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Old 01-27-2008, 04:57 PM   #1
ff186
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Dec 2007
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Hey All

I have been brewing for the last few months (Rookie). I have used glass carboys and want to get some additional equipment so i can make more than 1 batch at a time. So my question is, are glass carboys the only to go or can you use buckets and get the same results. I'm just trying to save a little $$$
Thanks for the advise


Jason


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Old 01-27-2008, 05:18 PM   #2
wilserbrewer
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Buckets work great for short term projects...I would use them w/out hesitation for quick maturing lighter ales. Anything over 3-4 weeks might benefit from something less"open".

Buckets certainly posess no glamour, but they will service most of your fermentation needs quite well!
Mike

 
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Old 01-27-2008, 05:26 PM   #3
RichBrewer
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Use buckets for your primaries and carboys for your secondaries. I know an outstanding brewer who makes great beers this way.
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Old 01-27-2008, 05:31 PM   #4
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Buckets work great too -- in fact they can be nice because they are often a little bigger with more headspace and therefore, make it harder to generate a messy blow-off.

The big downside is that plastic scratches easily, and if you are not careful, a bucket can harbour nasties, even after washing and sanitizing.

The other (small) downside is that you can't watch your active fermentation.

It just comes down to personal preference. Buckets are definitely a cheaper option in the short-term, but in the long term, a glass carboy can last a lifetime if properly cared for.

 
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Old 01-27-2008, 05:57 PM   #5
Finn
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Well ... my local braeuershaus has buckets for $13 and 6.5 carboys for $24 and with that kind of a price spread, I couldn't justify buying plastic. If your situation is similar, I'd scrape together the extra $11 and go with glass.

I've got some four-gallon food-grade buckets that I bought strawberries in last summer, and I use 'em for cider batches (three gallons at a time). After a couple batches they smell like cider and the odor can't be cleaned out of 'em. Not that I mind the smell, but glass is just a better material. Harder to store, though, when not in use.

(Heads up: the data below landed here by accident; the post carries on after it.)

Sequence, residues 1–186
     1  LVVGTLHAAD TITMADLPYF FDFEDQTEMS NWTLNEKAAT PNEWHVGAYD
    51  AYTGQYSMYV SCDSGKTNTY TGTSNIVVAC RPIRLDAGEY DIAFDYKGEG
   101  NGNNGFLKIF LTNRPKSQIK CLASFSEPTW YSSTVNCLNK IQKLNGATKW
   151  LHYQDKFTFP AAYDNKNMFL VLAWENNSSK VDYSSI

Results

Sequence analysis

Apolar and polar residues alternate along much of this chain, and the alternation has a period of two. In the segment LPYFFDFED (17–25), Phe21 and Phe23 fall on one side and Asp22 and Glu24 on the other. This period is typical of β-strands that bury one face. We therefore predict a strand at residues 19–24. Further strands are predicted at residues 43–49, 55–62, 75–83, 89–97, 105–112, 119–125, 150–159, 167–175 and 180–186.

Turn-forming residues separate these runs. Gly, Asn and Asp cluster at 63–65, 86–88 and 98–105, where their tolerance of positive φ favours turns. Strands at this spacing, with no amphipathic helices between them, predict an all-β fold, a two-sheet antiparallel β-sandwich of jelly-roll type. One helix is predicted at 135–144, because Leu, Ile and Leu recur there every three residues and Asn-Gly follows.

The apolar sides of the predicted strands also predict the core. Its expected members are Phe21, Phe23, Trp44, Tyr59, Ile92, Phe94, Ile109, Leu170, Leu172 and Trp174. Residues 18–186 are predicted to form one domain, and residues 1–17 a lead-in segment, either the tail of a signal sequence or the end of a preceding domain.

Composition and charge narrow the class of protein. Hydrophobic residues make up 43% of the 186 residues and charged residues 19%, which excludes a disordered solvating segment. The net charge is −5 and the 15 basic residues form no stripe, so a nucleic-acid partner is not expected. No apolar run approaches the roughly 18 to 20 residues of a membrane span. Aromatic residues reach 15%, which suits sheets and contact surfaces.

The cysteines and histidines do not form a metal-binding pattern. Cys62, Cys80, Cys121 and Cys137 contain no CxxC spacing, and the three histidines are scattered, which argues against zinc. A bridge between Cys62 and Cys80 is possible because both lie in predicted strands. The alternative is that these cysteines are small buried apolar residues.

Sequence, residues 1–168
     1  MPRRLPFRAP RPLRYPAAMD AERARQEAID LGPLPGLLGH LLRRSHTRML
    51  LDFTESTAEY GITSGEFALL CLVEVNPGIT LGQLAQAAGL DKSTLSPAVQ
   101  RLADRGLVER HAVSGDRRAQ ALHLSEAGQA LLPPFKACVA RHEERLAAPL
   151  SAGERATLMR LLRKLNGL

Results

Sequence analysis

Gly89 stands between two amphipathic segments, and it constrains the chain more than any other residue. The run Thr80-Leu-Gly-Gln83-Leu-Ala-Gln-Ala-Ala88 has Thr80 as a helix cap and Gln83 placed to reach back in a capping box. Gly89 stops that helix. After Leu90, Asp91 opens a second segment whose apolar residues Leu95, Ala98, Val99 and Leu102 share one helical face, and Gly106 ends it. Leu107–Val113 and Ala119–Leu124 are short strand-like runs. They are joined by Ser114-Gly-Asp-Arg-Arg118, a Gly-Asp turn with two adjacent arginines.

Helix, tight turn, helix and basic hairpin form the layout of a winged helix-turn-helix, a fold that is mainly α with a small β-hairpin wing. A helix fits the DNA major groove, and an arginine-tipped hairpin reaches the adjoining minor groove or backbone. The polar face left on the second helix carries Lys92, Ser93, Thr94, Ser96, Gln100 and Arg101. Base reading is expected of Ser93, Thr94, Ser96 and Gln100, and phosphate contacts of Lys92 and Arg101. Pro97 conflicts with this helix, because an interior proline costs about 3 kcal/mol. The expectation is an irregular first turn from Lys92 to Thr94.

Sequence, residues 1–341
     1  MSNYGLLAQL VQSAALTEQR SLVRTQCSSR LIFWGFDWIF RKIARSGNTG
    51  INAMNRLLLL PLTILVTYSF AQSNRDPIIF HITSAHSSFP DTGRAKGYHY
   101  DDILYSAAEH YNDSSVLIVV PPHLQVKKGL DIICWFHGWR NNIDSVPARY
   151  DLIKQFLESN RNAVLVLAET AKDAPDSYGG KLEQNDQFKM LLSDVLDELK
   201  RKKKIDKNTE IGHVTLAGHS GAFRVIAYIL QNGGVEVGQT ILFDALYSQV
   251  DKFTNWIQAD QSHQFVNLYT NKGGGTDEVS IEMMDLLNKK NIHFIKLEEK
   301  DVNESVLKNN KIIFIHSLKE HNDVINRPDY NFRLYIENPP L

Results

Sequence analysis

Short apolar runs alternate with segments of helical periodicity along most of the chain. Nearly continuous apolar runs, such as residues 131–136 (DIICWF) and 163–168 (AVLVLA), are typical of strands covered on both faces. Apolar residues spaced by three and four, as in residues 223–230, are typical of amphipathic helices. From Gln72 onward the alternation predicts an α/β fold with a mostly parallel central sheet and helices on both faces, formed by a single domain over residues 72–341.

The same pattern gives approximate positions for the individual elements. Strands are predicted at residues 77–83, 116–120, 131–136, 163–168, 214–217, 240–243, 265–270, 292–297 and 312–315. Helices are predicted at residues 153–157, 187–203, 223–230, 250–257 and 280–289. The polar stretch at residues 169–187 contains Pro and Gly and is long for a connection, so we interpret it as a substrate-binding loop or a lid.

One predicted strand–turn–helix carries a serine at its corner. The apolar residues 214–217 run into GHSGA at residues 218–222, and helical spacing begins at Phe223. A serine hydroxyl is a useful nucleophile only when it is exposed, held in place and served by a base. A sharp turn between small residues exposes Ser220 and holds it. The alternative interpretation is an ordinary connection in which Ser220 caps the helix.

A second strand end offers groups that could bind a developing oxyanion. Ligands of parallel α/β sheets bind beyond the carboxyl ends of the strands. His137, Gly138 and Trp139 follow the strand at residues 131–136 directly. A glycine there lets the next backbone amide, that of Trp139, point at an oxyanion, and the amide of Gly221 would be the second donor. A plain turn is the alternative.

Cheers!

--Finn
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Old 01-27-2008, 11:56 PM   #6
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Another thing to consider when deciding is the ease of use of buckets. I much prefer them over carboys for primaries. Put some sanitizer and all your tools in them, brew, empty sanitizer. Once the wort is ready it is a lot easier for me to take my batch off the stove, cool it and then dump from a good distance into a bucket to aerate and transfer in one step. Top it off, pitch the yeast and your good to go.

To do a carboy primary your either siphoning or pouring through a funnel, both of which helps to have a second pair of hands, and your sanitizing in a second container.
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Old 01-28-2008, 12:03 AM   #7
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I prefer carboys. They cost about twice as much as buckets to buy, but I've never had a bucket that lasted more than 3 - 4 years, and my carboys last indefinitely. At least 5 of them are over 20 years old.

-a.

 
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Old 01-28-2008, 12:56 AM   #8
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Carboys can break and cause damage and serious bodily injury...therefore I don't own any. Typically, I am comfortable accepting a known risk, but visions of a wort tsunami crossing my carpeted basement floor as my blood pressure is dropping rapidly has steered me away from glass. No doubt it is the better material, just not for me. Better Bottles are an option for long term aging.
Mike

 
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Old 01-28-2008, 01:09 AM   #9
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Two words ..... Better Bottles. I just got through cleaning my first better bottle that I used as a secondary and I sold. No more glass carboys.... Something to be said for holding the thing in one hand while you spray water in with the other. I'm ordering two more tomorrow.
Jimi

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Old 01-28-2008, 01:22 AM   #10
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Quote:
Originally Posted by Finn
Well ... my local braeuershaus has buckets for $13 and 6.5 carboys for $24 and with that kind of a price spread, I couldn't justify buying plastic.
I feel robbed!

Plastic Buckets - $11
6.5 Glass Carboy - $36

 
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